A number of competing cultural, religious and racial calendars exist in the Great Land. The year is almost exactly 372 days in length and the moon orbits once every 27 days (just barely over, in fact, but the difference is miniscule). This means that there are 13.8 moon cycles in a year, an awkward number.
The Asterist calendar is a thing of great mathematical beauty and complexity which manages to reconcile these two disparate cycles into a 9-year Grand Cycle containing 124 months. It is used only by the elves and by the Asterist religion. Everyone else more or less ignores the moon and goes by the dwarven work cycle. This consists of three days of work followed by a day of rest, the cycle being known as a thk or shift-cycle. Four thkr make a vnn or shift-round, the basic 16-day unit of dwarven calendar-keeping and the cycle on which regular bills are usually due. There are, unfortunately, 23.25 vnnr in a year, which is at least an even number of thkr (93, to be precise).
Farmers and others who are more interested in seasonal weather changes tend to reckon time based on the solstices and equinoxes, following the dwarven approach (though dwarves pay almost no attention to the sky, since they seldom see it) of dividing the year into quarters, based on these key dates, and then into quarters again. A sixteenth of a year is 23.25 days, or approximately 1.5 vnnr, so in practice the farming year consists of a series of eight named periods (each divided into "early" and "late"), each consisting of 3 vnnr except for the one immediately preceding Northern Hemisphere midwinter (which is the end of the farming year). This is reduced to three thkr, a time for feasting and celebration.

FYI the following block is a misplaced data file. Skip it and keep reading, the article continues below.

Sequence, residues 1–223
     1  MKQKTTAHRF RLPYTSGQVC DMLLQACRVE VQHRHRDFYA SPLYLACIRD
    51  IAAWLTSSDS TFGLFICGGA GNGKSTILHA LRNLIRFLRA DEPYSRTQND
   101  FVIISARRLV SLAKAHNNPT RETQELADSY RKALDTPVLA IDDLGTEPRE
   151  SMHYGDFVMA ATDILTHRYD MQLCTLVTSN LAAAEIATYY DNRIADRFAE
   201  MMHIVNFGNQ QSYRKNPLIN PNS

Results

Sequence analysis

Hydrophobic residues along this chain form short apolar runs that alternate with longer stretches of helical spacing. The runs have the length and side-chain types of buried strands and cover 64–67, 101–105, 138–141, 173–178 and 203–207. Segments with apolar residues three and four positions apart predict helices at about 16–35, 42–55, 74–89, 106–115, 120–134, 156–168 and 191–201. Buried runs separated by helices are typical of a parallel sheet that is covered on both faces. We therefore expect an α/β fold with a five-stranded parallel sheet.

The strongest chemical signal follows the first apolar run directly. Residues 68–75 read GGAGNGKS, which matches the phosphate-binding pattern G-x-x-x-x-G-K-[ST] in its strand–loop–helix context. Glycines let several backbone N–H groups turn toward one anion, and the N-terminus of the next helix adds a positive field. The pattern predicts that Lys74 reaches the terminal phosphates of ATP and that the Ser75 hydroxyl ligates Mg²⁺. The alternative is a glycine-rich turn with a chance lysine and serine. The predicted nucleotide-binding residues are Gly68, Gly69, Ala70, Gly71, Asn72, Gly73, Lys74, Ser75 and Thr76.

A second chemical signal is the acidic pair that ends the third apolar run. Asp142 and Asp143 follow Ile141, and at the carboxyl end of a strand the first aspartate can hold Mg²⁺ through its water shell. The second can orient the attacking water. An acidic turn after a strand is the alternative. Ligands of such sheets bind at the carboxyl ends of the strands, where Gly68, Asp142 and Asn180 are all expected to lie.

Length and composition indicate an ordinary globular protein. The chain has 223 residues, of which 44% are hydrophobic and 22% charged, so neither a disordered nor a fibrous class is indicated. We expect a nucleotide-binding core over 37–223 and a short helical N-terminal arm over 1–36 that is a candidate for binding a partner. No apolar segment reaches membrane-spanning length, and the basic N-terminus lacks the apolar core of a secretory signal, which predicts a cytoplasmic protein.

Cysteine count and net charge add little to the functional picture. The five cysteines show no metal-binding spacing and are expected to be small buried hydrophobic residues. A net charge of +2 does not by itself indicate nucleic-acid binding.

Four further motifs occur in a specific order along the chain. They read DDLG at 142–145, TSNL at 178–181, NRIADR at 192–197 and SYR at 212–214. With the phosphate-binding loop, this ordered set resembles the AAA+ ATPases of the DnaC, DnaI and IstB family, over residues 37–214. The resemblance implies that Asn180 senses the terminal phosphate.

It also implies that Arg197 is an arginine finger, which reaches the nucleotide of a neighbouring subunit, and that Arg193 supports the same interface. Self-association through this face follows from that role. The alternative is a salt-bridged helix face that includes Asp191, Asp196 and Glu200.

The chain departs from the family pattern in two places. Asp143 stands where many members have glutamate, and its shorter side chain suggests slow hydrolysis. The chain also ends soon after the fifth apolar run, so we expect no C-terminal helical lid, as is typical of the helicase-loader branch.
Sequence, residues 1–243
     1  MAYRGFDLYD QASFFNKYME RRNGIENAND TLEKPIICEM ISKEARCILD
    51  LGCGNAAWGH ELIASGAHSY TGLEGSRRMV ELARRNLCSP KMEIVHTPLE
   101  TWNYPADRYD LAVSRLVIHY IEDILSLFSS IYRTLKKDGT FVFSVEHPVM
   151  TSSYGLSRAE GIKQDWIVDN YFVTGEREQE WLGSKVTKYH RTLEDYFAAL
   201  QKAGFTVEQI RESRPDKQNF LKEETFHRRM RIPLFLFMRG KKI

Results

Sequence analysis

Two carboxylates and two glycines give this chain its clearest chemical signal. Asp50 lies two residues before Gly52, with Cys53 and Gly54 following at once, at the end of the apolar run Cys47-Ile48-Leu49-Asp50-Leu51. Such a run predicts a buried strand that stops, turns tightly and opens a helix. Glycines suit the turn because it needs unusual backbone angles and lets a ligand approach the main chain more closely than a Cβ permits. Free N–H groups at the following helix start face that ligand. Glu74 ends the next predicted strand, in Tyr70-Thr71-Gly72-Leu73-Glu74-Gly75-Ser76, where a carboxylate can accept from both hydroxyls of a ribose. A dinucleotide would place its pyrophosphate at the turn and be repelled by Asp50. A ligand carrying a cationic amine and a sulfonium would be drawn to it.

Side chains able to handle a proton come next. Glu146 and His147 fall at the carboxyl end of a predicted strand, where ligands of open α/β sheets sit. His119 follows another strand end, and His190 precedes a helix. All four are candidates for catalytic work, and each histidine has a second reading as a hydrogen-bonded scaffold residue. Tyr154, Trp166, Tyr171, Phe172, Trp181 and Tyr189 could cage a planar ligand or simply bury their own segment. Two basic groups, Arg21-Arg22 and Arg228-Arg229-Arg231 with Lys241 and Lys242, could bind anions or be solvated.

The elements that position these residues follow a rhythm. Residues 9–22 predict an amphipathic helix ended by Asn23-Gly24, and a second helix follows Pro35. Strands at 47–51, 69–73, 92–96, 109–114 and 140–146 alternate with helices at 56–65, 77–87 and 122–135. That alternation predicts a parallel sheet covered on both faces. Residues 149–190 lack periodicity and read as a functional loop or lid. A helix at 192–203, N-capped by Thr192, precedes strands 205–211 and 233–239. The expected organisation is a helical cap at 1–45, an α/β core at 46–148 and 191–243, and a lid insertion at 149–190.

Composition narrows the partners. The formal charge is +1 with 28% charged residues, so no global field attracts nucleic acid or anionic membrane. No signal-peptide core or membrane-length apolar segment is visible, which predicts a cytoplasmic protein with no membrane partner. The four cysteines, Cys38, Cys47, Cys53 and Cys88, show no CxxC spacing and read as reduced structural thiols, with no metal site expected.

Asterist New Year wanders back and forth with the moon, approximately around the Northern midwinter solstice. Dwarves don't have much truck with years as such, being resolutely non-agricultural and non-stargazing people, but they recognize the utility of a measure of time approximately that length and have a chronicle period, the lln, consisting of 16 vnnr or 256 days, a little over 2/3 the length of a solar year. Dwarven New Year, consequently, can occur at any time of the farming year.